Increasingly in the West, younger Christians eschew the word “missions.” Colin Andrews challenges us to drop the word altogether. We decided to publish his proposal with responses from four Christian leaders. We invite you to join the continuing discussion online.
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Writing Missionary Newsletters
I read the Letters to the Editor in the October 2010 issue with interest. As someone who worked in Nepal for much of the 1990s, I found it hard to treat those we wrote to as anything other than friends.
by Miriam Adeney Lots of words offend: church, evangelical, Christian, Republican, Democrat, American, Christ. If a word offends a significant segment of our audience, let’s avoid that word when talking with them. No sense rubbing salt in a wound when it’s not necessary. Find an alternative, and keep communicating. But in more receptive contexts, the . . . read more
Corwin offers his impressions of Lausanne Congress 2010 in Cape Town, South Africa.
by Jonathan Bonk Colin Andrews makes a good case for a moratorium on the word “mission” and its cognates. After all, it has picked up a lot of baggage along the way, thanks to its close ties to five hundred years of European exploration, migration, and conquest that swept up the Western Hemisphere, large chunks . . . read more
Working in mobilization has brought me into contact with many serious inquirers and applicants for long-term missionary work. As I’ve interviewed hundreds of single, young adults, eventually a common question emerges: what about my singleness?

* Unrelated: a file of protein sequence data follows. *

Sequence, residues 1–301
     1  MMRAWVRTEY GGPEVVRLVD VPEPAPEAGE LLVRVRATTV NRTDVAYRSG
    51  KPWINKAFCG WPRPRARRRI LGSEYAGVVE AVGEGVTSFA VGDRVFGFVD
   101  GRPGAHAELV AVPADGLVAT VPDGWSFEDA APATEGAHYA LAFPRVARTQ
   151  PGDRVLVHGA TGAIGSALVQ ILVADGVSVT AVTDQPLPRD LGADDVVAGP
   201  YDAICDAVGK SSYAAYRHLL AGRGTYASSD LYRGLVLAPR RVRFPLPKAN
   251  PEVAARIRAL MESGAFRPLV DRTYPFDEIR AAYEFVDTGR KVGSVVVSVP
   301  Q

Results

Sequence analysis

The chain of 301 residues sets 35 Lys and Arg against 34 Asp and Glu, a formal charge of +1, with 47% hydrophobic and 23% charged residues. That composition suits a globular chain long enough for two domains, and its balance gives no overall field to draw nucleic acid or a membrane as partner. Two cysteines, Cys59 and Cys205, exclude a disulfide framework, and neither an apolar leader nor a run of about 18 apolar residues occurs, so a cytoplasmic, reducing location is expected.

by Bill Taylor The 64-year-old memory is still strong. As a child in Costa Rica, I visited the Ross family farm. Mr. Ross warned, “Billy, do NOT push a stick into the bee hives!” Of course, I did just that. To this day, I can still almost feel the stings. Perhaps Andrews has done just . . . read more
Insights on the prejudices of biblical characters enable the author to see his own prejudices, and to understand how God still works his purposes through us despite them.
by Alex Araujo It is true that the word “missions” has become confused in the minds of many today, and a change of vocabulary might help clarify things. Yet I would not press for change too quickly; instead, we first need to ask questions. First, English is used in many different cultures, and evolves differently . . . read more
Using the example of the extraordinary growth of Gypsies in Spain, the author explains the importance of being open and attentive to God’s movement.